|In other scripts|
The section sign (Unicode U+00A7 § section sign, HTML
\S) is a typographical character used mainly to refer to a particular section of a document, such as a legal code. It is also called "double S", "hurricane", and "sectional symbol".
The likely origin of the section sign is the digraph formed by the combination of two S glyphs (from the Latin signum sectiōnis). When duplicated, as §§, it is read as the plural "sections" (e.g. "§§ 13–21"), much as "pp." (pages) is the plural of "p.".
It is frequently used along with the pilcrow (¶), or paragraph sign. Like the dagger (†) and double dagger (‡), it is also sometimes used to link to a footnote where the asterisk (*) is already in use on a given page (This function can also be provided by numbered footnotes, usually put in superscript or square brackets.)
- RFC 1345 mnemonic: SE
- Linux iBus rfc 1345 entry method: SE&
- Emacs: C-x 8 S
- Vim, in insert mode: Ctrl+K SE or Ctrl+V 167
- Mac OS
- X Window System (Unix/Linux)
- iOS: 123, hold & until alternative § is displayed
In popular culture
A modified version of the section sign is used in SimCity 3000 and subsequent Maxis games (such as The Sims series) as the symbol of the in-game currency, the simoleon. The symbol is used in a similar way to the $ sign.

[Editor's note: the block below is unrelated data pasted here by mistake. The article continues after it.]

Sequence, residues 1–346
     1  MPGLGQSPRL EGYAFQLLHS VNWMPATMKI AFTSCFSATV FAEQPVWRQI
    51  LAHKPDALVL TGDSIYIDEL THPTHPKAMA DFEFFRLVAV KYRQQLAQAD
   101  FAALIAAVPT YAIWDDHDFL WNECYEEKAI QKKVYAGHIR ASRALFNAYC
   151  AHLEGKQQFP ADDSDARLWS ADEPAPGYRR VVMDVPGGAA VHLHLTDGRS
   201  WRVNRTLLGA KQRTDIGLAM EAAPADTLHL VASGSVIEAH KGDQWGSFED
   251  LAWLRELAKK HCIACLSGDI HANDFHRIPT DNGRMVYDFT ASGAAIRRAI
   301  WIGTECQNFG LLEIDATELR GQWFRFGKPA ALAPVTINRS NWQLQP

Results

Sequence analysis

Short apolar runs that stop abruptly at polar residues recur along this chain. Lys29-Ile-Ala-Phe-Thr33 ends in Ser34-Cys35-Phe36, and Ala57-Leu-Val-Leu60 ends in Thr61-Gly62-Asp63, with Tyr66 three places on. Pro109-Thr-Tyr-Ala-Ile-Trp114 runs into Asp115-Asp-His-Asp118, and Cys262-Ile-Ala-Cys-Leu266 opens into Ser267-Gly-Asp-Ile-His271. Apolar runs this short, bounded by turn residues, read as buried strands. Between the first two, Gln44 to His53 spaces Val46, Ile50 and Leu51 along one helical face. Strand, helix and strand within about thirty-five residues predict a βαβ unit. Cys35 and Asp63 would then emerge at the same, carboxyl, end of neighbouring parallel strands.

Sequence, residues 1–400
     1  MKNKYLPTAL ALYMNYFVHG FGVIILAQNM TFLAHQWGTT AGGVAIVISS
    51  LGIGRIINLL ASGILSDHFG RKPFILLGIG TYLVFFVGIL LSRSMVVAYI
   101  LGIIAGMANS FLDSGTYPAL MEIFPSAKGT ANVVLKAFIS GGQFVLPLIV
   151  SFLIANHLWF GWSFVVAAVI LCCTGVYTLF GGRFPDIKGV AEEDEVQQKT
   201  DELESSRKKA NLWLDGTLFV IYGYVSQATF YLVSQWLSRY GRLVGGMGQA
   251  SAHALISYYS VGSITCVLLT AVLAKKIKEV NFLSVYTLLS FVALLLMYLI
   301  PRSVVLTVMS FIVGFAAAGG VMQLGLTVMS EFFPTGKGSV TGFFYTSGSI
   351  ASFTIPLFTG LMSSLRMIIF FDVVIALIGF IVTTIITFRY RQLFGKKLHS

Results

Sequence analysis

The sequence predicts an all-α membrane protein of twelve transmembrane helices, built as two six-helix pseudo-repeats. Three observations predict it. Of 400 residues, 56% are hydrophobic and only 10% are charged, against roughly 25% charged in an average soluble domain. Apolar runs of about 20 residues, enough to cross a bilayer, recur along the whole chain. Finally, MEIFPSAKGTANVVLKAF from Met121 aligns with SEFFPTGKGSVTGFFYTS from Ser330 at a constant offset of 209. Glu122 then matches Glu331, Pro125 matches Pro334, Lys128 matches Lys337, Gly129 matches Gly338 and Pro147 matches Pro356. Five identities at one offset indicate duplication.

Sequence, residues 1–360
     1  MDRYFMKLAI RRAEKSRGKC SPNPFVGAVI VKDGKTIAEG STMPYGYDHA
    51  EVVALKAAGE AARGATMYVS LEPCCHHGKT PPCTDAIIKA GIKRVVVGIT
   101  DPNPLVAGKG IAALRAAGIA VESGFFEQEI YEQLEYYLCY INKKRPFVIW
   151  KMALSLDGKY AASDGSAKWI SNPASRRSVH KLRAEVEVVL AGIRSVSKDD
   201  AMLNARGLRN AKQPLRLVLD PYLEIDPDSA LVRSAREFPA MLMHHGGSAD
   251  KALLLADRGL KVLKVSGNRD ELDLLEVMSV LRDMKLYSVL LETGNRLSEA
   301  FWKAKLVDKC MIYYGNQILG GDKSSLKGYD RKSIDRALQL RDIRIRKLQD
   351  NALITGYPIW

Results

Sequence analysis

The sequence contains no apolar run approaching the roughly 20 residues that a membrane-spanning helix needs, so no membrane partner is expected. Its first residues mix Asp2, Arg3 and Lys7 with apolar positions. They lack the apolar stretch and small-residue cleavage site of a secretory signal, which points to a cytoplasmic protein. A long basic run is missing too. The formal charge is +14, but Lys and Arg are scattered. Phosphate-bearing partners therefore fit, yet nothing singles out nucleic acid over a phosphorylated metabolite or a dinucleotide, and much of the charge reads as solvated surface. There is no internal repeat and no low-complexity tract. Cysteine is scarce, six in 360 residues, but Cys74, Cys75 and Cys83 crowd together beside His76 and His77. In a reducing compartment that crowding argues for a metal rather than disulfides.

The section symbol is used in the 2012 computer game XCOM: Enemy Unknown as a nationality-neutral currency symbol.
The section symbol is used to denote chapters and sections in David Foster Wallace's novel The Pale King, which deals heavily with the labour and lives of American IRS workers and was left unfinished at his death in 2008.
A § is used before text to change its style or colors in Minecraft.
- "Legal Research and Citation Style in USA, by Ronald M. Standler". 2009. Retrieved 2009-12-15.
- "The Gtk Compose Table - Ubuntu Documentation". Retrieved 2013-10-08.
- "X11 compose key sequences". Retrieved 2013-10-08.
- "Abbreviations". Timeform.com. Retrieved 2014-04-08.
Media related to Section signs at Wikimedia Commons
|Look up section sign in Wiktionary, the free dictionary.|